Brothers Breakfast Club Honors  Cleveland “Champag...

Brothers Breakfast Club Honors  Cleveland “Champagne” Givens


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From left to right: Johnny Burks, Willie Parker, Founder, and Cleveland Givens, Honoree.

The Brothers Breakfast Club (BBC) celebrated Cleveland Givens at their monthly brunch on May 5 at Lena’s Soul Food Restaurant in Oakland.

Founded by Willie Parker, BBC was originally entitled the “Chicago Brothers Breakfast Club” and was organized to “celebrate our successes while leaving our guns and knives at the door,” Parker said.  The club is celebrating its 18th year and touts 32 members.

BBC honored Cleveland “Champagne” Givens, a graduate of McClymond’s High School (1948) and former staff sergeant during his service in Korea after graduating from San Francisco State University.

After returning from the war, Givens sold furniture at Bruener’s Furniture, and was a train porter before becoming a longshoreman for 40 years, where he rose to the position of  “walking boss.”

He  has been married for 20 years to Francine Robinson Givens, has three sons, Dorian Givens (deceased), Alfred Robinson and Gary Robinson, and one grandchild.

Givens loves playing the “ponies,” and said he “has never had a losing season.”

He is a die hard Warriors fan and is dedicated to helping the poor. He still visits the waterfront from time to time but is no longer called the “walking boss”—he is now called the “talking boss.”

“The Brothers Breakfast Club is a place where we laugh, and share good feeling,” Parker said. “We have so much history in this room, trailblazers who were the pioneers of the civil rights struggle and. . .we are the ones that prevailed—we succeeded despite the odds, racism and oppression.”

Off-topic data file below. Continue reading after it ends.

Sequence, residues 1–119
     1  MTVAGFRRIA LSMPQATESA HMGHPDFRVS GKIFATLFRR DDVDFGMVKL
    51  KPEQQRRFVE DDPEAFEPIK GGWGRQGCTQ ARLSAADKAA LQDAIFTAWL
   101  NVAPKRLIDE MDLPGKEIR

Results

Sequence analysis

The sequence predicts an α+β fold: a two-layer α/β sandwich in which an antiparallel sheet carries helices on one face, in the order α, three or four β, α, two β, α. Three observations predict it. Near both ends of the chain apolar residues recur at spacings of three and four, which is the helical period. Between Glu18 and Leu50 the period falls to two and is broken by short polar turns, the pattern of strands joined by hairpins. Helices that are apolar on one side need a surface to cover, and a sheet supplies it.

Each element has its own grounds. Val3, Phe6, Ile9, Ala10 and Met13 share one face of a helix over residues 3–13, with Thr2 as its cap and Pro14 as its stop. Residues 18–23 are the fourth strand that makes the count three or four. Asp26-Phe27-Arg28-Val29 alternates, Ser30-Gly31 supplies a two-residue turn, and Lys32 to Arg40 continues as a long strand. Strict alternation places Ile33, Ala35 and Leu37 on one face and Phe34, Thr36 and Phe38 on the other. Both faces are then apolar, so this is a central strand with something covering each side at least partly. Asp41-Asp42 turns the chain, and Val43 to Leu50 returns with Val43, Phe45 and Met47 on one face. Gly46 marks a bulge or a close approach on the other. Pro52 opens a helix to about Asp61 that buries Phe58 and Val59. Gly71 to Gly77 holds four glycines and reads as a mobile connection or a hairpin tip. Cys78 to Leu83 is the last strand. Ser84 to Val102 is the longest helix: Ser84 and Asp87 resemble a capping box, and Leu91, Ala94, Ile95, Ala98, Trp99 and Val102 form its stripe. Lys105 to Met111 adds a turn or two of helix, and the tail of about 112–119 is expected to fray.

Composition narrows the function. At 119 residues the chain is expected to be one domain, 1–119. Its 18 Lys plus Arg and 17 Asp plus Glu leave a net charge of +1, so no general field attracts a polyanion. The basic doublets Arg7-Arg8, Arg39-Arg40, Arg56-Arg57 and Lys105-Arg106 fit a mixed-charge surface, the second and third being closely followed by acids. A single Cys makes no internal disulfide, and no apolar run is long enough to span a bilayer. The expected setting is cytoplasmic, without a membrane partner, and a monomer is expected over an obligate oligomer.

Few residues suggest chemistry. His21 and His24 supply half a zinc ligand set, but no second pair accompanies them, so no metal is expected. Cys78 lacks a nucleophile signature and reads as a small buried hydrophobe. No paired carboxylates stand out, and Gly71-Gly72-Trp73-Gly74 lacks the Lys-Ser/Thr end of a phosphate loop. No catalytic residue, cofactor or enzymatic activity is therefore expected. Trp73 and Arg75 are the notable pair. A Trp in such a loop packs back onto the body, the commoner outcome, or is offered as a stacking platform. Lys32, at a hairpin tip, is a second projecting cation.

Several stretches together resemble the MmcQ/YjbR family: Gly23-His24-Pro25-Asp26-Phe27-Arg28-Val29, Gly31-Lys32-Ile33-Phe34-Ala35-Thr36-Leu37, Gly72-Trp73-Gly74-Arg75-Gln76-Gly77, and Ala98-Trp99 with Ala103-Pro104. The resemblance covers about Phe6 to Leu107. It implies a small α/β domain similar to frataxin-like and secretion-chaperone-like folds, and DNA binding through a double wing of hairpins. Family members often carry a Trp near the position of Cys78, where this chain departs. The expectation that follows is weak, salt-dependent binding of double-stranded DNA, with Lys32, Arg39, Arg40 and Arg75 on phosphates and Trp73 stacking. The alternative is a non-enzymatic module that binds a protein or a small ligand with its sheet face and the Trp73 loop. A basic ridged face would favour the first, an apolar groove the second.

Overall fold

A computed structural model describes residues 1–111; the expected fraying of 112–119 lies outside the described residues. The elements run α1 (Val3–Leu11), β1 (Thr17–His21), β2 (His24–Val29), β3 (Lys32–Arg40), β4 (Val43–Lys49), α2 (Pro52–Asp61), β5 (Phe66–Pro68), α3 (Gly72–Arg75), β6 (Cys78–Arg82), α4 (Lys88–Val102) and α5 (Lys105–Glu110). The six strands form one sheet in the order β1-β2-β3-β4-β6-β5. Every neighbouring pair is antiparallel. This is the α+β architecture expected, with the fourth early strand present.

BBC members consist of retired federal workers, BART procurement officers, aviation worker, firefighters, locomotive engineers, a CalTrans spokesperson and legislature representative, rotarians, bank officers, phone technicians, a union president, a karate instructor, Kaiser supervisors, HUD executives, IBM executives, FBI agents, president of the National Brotherhood of Skiers organization, Willie Brown’s Administrative Assistant, and two nightclub owners. Most members share histories of challenging the status quo to garner their positions.

Four firefighters, Richard Armstrong, Donnie Harris, Michael Jones and Preston Pleasants said the only way they were able to join their respective fire departments was by descent decree and that once they passed the test, the San Francisco Fire Department tried to change the test and request they take it again.

“We paved the way for others to follow,” said Harris, a retired fire captain.

 Givens, who is known for his iconic fedoras, was “roasted” by fellow members at the May 5 celebration, yet all attested to his generosity and giving heart.  Givens says he got the moniker “Champagne” from frequenting Oakland nightclubs and only ordering “top shelf” liquor.


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